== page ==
When we label Bely as a Modernist, we are assigning him to a movement that largely rejected social relevance and political involvement to concentrate rather on aesthetic experimentation. Yet Petersburg is a novel about political events and social tensions, and was written at a time when those tensions were again reaching climactic levels. So I think it's fair to ask what Bely is saying about the political events of 1905. Whose side is he on?
For the most part, he seems to skewer both sides with equal vigor. Apollon Apollonovich, representing the State, is a heartless and inflexible piece of clockwork machinery. At the other end of the political spectrum, the "Person" (I don't recall the name he is eventually given), the Party representative who supposedly represents the impoverished and hungry masses is a glutton and a dandy. In between is the dilettante Nikolai Apollonovich who cares for nothing but his pursuit of another man's wife. The only person with any laudable human feelings is Dudkin, who sacrifices his life and his cause rather than be part of the abomination of having a young man assassinate his own father.
Aside, however, from the actions of the principal characters, the way he describes and contrasts the living conditions of the Party members with those of the Ableukhovs would seem to imply sympathy with the plight of the revolutionaries, even though Bely depicts their leaders in a negative light.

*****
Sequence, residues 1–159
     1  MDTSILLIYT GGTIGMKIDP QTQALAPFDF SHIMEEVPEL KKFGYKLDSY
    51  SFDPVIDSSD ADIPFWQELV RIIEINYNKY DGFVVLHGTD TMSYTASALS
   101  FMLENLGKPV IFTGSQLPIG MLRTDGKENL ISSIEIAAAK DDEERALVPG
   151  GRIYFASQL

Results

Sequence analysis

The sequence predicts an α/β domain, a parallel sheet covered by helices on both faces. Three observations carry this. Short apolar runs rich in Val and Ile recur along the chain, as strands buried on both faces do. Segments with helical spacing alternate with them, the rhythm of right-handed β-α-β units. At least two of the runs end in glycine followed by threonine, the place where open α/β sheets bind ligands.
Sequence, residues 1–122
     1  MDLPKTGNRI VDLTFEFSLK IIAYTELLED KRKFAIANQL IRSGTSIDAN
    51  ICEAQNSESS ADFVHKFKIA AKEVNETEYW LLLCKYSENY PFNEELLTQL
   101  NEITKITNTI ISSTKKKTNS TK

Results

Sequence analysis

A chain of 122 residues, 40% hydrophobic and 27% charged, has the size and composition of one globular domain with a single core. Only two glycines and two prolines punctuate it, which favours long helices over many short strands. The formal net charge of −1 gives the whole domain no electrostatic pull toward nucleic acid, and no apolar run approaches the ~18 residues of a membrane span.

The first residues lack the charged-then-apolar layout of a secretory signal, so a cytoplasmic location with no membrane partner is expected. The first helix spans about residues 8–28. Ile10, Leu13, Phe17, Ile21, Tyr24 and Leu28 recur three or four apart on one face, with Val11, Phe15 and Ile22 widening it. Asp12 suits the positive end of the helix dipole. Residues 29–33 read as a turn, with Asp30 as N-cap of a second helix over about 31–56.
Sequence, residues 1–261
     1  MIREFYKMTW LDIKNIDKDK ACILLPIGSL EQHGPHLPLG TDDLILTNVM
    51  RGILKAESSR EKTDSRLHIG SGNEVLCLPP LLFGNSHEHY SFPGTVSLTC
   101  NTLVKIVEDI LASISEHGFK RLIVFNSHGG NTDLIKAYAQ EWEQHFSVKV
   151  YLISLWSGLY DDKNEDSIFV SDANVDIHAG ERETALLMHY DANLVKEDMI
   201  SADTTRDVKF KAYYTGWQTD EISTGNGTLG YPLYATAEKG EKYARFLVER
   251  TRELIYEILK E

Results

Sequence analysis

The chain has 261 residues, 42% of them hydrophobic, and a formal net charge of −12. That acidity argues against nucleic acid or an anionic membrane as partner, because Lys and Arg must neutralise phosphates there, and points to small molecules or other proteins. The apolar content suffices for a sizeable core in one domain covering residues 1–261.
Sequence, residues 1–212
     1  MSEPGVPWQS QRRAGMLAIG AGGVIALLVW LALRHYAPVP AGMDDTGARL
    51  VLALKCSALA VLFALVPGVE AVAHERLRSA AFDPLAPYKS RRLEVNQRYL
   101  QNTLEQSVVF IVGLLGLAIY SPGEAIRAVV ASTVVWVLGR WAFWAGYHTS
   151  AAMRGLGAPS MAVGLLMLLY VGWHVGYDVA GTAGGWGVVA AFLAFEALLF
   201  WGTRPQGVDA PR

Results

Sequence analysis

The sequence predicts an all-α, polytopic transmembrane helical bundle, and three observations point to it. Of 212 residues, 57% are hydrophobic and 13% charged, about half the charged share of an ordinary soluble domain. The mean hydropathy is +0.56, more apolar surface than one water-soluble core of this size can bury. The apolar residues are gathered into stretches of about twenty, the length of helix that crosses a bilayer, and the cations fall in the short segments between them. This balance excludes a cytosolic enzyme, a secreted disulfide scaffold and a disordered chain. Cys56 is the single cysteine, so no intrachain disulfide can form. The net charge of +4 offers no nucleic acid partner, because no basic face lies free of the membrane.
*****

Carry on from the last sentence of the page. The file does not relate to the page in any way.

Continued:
Thinking back to the principal characters, doesn't each one of them start the novel in a role that has them breaking with traditional values, and doesn't each of them eventually reject that role?
- Ableukhov has made himself a piece of state machinery without human sentiment, but eventually resigns because he cannot disassociate himself from his son.
- Nikolai rejects his role as revolutionary because he cannot bring himself to kill his own father even though he is a stranger to him.
- Sofia Petrovna rejects her role as the sexually liberated woman and returns to her husband and son.
- Lt. Likhutin rejects his role as the husband of a sexually liberated woman and succumbs to jealousy.
- Dudkin, of course, rejects his Party rather than allow it to employ patricide as a weapon.
This is going WAY out on a limb (which I'm sure will be chopped off in short order), but could Bely, as a modernist, be making a statement that revolution, be it in politics or aesthetics, can only go so far and so fast... that there are certain traditional values and forms that cannot easily be abandoned?
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